Pain-sensing peripheral neurons, nociceptors, exert control over many aspects of the immune response through various means, including the secretion of immunomodulatory molecules. Adding to the growing list of such interactions, a recent article by Lu et al. reported that a nociceptive neuropeptide, calcitonin gene-related peptide, induces thrombospondin-1 expression in macrophages and neutrophils, limiting their pro-inflammatory functions and promoting tissue repair after injury.

Nociceptors, afferent somatosensory neurons of the peripheral nervous system that elicit the sensation of pain or itch in response to noxious stimuli, have risen to prominence as controllers of immune responses in barrier tissues. In particular, calcitonin gene-related peptide (CGRP), a prominent neuropeptide released by activated nociceptors, has received considerable attention owing to its pleiotropic, context-dependent effects. While CGRP has shown pro-inflammatory activities in some situations,1,2 in most cases, its effects appear anti-inflammatory.3,4,5 For example, CGRP-mediated immunosuppression has been shown to weaken the host response to certain bacterial infections4,5 and cancer.3 In light of this apparent fitness cost, it has been a conundrum why the sensation of pain should unleash CGRP-dependent immunosuppression. To be preserved throughout evolution, the potentially detrimental consequences of CGRP release should be outweighed by beneficial effects in other contexts.

A recent report by Lu et al.6 now provides compelling evidence for such a beneficial role of CGRP in the context of tissue repair after injury. The authors observed that wound healing in the skin and skeletal muscle of nociceptor-depleted mice was markedly delayed when compared to nociceptor-sufficient controls. This effect was due to the loss of nociceptor-derived CGRP which acted on neutrophils and macrophages infiltrating the site of an injury. These myeloid leukocytes responded to CGRP by upregulating thrombospondin-1 (TSP-1), an extracellular matrix protein involved in tissue regeneration. The auto- or paracrine secretion of TSP-1 then inhibited further pro-inflammatory leukocyte recruitment to the damaged tissue, boosted the clearance of apoptotic neutrophils by macrophages, and reprogramed local macrophages to assume an anti-inflammatory state. As a result, CGRP release switched the wounded tissue from a pro-inflammatory histotoxic milieu to an environment that favored tissue repair (Fig. 1).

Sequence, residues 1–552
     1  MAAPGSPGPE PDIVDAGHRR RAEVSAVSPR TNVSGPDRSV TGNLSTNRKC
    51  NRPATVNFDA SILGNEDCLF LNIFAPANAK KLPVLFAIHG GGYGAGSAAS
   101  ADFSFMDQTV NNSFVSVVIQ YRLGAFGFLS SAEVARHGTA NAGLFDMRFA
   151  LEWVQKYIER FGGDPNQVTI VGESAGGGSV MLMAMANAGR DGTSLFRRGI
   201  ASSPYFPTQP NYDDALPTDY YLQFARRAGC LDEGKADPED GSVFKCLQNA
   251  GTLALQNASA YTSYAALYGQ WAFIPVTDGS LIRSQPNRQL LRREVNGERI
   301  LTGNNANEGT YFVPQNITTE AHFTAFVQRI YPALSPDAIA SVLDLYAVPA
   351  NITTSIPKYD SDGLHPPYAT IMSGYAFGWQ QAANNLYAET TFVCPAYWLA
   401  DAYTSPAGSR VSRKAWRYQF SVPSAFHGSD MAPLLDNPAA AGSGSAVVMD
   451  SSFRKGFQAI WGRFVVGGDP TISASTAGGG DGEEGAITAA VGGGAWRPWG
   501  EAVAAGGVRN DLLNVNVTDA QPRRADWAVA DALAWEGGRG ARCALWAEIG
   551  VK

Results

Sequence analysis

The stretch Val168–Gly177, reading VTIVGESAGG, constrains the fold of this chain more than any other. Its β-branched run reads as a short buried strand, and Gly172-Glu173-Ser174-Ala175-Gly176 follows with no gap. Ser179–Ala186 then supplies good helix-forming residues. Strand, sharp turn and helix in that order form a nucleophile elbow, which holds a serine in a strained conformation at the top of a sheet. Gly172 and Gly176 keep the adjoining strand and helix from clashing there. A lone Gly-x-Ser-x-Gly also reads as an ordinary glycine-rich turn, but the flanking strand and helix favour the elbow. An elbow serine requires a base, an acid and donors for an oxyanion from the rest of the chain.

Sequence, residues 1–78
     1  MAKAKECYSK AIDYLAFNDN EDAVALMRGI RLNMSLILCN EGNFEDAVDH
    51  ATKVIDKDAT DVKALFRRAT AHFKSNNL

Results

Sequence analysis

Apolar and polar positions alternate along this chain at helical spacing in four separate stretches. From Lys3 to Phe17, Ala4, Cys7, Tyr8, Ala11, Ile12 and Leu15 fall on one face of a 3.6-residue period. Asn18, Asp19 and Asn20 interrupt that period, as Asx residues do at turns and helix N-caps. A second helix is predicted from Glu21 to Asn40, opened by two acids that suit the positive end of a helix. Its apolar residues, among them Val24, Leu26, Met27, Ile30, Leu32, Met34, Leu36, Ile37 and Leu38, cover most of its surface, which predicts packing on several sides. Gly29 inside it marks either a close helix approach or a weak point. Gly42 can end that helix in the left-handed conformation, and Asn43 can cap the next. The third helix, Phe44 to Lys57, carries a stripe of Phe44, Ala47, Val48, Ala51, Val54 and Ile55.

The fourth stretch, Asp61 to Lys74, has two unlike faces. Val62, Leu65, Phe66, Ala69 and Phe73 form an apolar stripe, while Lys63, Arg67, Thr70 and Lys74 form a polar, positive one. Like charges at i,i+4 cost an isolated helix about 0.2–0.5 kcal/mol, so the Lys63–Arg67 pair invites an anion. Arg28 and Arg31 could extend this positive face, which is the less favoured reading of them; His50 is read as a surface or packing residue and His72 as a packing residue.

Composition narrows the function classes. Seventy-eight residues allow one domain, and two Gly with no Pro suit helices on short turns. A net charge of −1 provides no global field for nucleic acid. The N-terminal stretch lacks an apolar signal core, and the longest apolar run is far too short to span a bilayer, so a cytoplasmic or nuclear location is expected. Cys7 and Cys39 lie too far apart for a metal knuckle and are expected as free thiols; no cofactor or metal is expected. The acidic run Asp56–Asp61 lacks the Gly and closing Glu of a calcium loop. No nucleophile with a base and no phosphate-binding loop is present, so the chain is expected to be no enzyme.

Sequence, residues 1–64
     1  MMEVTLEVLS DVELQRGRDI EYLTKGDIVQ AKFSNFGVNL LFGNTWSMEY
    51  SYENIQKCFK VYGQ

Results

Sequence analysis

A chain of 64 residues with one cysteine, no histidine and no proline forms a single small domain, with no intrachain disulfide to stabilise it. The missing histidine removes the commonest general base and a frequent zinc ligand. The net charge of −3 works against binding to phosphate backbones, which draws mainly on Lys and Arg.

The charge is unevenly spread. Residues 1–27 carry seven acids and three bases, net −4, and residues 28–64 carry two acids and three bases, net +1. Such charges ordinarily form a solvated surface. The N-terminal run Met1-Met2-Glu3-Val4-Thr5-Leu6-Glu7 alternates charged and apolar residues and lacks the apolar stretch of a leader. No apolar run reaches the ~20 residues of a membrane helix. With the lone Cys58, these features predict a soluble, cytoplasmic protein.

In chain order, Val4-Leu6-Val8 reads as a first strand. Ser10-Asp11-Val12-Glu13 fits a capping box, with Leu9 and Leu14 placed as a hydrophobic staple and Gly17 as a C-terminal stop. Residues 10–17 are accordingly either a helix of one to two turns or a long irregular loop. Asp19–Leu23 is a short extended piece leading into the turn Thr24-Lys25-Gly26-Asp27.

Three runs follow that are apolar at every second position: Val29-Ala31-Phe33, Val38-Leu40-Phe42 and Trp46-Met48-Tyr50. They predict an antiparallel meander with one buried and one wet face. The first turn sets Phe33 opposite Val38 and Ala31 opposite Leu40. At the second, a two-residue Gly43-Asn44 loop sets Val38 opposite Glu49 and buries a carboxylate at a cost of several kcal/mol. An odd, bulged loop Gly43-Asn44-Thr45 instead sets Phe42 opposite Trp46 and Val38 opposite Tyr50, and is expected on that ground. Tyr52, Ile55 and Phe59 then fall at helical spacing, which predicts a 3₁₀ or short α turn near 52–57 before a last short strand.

Fig. 1: Nociceptor-derived CGRP inhibits local inflammation and promotes tissue repair.
figure 1

a Lu et al. have shown that CGRP induces the expression of TSP-1 in neutrophils and macrophages. TSP-1, in turn, inhibits inflammatory functions of both cell types, thus dampening inflammation (red, blunt-ended arrows), while promoting the acquisition of a pro-tissue repair phenotype in macrophages and facilitating tissue repair (green arrows). bd It remains to be established to what extent TSP-1-mediated TGF-β activation (b) and immunosuppressive cell-intrinsic CGRP signaling (c) play a role in the process, and whether immune cell-derived TSP-1 feeds back onto nociceptors to modify their activity (d).

These findings implied that topical application of CGRP to an area of tissue injury could be useful to treat pathologic conditions such as type 2 diabetes where tissue healing is impaired. However, native CGRP has a short in vivo half-life and diffuses rapidly within tissues, which limits its clinical usefulness. Thus, Lu et al. engineered a chimeric peptide (eCGRP) by combining CGRP with an N-terminal extracellular matrix-binding sequence and a plasmin-sensitive linker allowing for its gradual release. Upon application to a wound, eCGRP exhibited prolonged retention at the application site resulting in overall improved potency.